When I announced I was leaving all platforms of social media last fall, I truly didn’t know when—or if—I would return. At the time, it felt rather permanent, and I was OK with that. It might be dramatic to say I took a leap into the unknown, but as an author who is expected to be accessible to her readers, to maintain a “platform” (and oh, is that a loaded word), and who was social distancing with the rest of the world, it really was a big thing.
Fellow authors called me brave. Others speculated that I would be back in a week. Family and friends were sorry to see me go. I’m sure others felt the opposite.
I made it approximately 120 days.
120 days doesn’t seem like a long time, but here’s how I spent them:
Aside from missing keeping up with close friends and extended family, I was rather surprised by how much I didn’t miss the constant checking in, counting Likes, and scrolling, scrolling, scrolling. To say nothing of the fact that I was less outraged, less stressed, less riled up on a daily basis. I hadn't noticed how those feelings would linger throughout the day until they no longer did. And above all, I neither missed the time suck nor being glued to my phone.
And yet, I also struggled with pandemic fatigue and low-grade depression. Moreover, despite the fact that I was writing again, my confidence continued to flail, and doubts about whether I would resume writing as a career continued to pester me.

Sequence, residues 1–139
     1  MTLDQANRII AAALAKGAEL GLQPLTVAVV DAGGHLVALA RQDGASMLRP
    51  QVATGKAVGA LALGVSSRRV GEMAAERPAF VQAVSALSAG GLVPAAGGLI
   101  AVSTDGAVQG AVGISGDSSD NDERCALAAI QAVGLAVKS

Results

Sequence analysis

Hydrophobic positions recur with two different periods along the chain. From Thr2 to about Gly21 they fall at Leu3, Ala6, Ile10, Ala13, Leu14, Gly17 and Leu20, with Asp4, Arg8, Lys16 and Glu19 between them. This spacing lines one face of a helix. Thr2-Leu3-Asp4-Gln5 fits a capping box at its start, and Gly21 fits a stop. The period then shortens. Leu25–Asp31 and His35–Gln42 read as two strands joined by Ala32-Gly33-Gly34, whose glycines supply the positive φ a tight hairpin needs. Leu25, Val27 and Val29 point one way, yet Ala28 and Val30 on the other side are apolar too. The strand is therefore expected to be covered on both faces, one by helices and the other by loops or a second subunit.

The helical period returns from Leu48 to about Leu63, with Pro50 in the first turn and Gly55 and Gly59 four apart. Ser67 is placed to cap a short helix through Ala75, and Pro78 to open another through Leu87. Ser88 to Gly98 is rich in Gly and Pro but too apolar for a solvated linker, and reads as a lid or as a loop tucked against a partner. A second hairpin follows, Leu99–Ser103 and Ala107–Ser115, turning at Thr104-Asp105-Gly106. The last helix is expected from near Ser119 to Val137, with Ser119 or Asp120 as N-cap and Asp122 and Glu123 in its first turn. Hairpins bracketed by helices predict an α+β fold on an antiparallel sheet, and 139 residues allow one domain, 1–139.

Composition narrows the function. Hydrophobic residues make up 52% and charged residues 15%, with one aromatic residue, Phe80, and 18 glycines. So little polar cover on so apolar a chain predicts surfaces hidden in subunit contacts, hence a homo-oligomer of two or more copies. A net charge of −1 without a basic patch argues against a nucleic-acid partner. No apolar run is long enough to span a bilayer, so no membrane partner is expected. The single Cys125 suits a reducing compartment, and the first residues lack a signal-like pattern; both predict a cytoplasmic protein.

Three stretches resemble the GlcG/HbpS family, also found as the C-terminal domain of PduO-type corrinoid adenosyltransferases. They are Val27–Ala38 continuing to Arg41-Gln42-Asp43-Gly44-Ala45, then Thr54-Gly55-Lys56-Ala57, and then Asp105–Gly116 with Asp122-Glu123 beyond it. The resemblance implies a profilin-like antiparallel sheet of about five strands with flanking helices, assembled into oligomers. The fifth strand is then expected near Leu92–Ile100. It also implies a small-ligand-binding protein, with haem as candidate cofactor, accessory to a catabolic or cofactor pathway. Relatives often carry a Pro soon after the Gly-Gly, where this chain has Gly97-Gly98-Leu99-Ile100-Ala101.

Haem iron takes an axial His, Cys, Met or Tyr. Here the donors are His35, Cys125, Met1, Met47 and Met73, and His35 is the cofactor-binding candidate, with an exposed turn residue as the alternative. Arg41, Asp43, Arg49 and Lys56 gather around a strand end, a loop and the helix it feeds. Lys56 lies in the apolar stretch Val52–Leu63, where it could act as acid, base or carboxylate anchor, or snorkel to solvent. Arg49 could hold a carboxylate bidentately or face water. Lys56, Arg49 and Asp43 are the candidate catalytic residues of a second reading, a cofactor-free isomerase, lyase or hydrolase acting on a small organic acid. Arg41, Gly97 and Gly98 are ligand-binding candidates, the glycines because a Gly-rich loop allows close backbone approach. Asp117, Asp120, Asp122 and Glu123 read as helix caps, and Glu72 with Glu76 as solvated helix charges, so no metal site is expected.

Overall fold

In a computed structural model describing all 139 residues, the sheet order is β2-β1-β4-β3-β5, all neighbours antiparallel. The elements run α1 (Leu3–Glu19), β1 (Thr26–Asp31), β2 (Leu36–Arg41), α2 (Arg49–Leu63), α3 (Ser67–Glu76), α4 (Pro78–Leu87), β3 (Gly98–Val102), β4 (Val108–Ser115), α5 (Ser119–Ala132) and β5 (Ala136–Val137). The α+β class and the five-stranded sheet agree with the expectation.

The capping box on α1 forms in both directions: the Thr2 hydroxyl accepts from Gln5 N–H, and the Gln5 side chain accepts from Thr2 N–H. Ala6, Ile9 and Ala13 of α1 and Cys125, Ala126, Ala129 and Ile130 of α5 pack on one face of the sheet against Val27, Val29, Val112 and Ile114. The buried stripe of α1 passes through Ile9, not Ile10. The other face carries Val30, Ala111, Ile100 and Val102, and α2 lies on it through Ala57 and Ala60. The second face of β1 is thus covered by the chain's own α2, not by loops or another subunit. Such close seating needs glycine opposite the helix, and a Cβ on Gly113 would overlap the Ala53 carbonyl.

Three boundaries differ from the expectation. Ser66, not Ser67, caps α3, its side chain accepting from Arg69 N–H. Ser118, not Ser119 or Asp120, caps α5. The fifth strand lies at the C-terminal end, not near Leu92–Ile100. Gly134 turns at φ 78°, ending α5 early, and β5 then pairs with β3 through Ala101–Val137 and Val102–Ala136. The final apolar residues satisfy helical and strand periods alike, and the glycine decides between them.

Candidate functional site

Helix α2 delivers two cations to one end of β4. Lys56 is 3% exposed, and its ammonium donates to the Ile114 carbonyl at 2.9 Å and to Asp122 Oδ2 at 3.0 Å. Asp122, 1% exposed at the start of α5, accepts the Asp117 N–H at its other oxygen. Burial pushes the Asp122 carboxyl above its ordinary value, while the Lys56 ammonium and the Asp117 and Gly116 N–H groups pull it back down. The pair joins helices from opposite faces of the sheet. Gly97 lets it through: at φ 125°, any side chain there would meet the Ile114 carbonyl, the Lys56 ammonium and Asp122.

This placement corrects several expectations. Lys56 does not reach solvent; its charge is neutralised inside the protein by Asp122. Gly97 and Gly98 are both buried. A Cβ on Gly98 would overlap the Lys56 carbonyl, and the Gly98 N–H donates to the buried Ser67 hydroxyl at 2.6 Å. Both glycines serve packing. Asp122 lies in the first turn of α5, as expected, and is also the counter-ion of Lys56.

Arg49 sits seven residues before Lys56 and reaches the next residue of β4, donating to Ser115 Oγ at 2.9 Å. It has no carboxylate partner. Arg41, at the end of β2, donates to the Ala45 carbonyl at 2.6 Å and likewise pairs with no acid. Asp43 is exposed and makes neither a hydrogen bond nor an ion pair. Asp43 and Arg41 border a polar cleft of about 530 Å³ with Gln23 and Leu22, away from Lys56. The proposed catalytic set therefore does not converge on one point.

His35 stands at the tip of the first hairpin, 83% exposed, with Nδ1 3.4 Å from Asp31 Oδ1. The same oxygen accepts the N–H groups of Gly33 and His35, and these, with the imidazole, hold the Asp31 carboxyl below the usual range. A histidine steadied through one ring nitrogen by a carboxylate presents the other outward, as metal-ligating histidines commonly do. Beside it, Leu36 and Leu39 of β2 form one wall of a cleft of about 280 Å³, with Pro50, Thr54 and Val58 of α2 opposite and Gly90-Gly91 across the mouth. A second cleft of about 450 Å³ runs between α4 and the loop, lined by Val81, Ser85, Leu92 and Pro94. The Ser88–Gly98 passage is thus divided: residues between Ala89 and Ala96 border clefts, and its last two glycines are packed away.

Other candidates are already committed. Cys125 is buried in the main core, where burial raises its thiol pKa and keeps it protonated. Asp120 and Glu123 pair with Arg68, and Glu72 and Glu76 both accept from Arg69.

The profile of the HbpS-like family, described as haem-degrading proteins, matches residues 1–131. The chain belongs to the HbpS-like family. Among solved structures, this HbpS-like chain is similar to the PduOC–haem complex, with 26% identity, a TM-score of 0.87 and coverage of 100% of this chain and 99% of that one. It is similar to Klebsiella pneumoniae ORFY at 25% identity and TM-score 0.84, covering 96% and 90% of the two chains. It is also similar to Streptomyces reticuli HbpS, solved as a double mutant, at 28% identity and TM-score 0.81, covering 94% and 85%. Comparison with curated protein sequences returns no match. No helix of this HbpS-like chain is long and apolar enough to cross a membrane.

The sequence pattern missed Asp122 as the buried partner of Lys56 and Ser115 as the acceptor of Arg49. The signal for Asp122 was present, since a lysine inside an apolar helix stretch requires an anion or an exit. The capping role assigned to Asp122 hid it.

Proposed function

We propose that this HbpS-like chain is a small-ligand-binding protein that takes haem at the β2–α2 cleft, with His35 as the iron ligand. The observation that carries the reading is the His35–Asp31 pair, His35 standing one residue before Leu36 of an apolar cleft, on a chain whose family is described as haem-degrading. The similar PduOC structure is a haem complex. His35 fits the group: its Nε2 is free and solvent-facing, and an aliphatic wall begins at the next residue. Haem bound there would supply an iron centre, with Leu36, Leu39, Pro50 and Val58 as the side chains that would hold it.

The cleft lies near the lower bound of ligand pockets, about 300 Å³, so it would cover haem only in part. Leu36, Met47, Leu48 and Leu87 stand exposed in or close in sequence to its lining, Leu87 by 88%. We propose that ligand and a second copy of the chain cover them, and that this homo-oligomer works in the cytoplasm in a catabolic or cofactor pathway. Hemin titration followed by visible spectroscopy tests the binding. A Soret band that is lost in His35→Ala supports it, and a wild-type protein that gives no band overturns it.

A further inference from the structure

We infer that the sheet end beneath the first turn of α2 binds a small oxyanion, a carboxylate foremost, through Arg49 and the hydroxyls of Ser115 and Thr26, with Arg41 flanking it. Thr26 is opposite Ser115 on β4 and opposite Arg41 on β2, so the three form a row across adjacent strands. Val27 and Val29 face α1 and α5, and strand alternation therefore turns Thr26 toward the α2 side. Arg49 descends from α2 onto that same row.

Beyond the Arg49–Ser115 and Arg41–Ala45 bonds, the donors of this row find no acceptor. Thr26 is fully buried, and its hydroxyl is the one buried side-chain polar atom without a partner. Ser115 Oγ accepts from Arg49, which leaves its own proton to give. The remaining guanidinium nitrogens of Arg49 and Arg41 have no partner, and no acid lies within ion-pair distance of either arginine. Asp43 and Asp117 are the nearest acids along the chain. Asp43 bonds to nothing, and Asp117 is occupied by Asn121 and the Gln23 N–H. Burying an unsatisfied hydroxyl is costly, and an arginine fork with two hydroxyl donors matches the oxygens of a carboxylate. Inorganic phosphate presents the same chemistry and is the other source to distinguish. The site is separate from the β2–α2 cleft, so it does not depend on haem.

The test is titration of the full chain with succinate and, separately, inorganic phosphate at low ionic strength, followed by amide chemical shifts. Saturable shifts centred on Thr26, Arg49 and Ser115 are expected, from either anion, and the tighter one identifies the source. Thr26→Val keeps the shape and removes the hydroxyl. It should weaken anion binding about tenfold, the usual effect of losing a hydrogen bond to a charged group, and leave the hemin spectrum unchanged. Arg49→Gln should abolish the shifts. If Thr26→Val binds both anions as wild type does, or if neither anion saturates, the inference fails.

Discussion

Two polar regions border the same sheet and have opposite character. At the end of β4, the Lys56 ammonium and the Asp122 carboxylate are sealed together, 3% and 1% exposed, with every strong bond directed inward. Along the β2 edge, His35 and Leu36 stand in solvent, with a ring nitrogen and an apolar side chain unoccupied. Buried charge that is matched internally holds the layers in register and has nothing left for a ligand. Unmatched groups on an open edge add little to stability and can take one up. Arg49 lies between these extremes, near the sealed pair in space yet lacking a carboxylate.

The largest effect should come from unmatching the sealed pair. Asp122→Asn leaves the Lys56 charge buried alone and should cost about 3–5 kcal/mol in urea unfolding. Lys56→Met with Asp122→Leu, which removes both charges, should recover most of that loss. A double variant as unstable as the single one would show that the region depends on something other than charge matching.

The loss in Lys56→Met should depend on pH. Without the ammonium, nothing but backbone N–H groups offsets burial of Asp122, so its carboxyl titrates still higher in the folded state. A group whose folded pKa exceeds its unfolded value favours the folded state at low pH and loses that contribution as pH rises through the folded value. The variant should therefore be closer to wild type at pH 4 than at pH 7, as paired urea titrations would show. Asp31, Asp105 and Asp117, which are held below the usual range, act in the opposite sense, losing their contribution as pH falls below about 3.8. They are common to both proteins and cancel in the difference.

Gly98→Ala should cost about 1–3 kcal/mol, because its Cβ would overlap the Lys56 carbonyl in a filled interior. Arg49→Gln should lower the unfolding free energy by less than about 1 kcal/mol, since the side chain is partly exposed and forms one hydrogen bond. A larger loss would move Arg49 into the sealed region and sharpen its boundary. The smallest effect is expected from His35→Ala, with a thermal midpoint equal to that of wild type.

It’s no secret that the Bernie memes following the Inauguration brought me back. Twitter especially was a treasure trove for them. I couldn’t resist.
I wound up sticking around on Twitter, especially after I Muted and Unfollowed a lot of accounts that had contributed to my initial reasons for leaving. It made a difference.
When I "officially" returned to Twitter, I noticed some of my online behaviors had changed. For one thing, I observed a general lack of boundaries. I became hyper-aware of people over-sharing, being passive-aggressive, and acting in ways I suspected they wouldn’t in a face-to-face situation. And I saw myself more clearly, too; or, more specifically, my past social media self when I read things I previously would have commented on or Retweeted. I was now more conscious of what I was sending into the ether, so to speak. I withhold more now.
I was also more observant of the mundane. That's not to say that the mundane is a bad thing. Sometimes mundane and simplicity overlap, and there’s almost a peacefulness to it. Other times it's just… well, mundane.
Some negative behaviors returned, unfortunately. My productivity went down again. So did my pleasure reading.
Eventually I began wafting over to Instagram, mostly to catch up with my twin brother’s cats’ account (they have ten times the followers I do, dammit), but soon I found myself scrolling, stopping, lurking, reading, and dropping an occasional comment at others’. Yet I didn’t feel I had anything to say or add on my own account. I really didn’t want to get on that train again.
What’s the train, you ask? The one where I have to be ON. Where I have to crack the code of what a “successful social media presence” is for an author.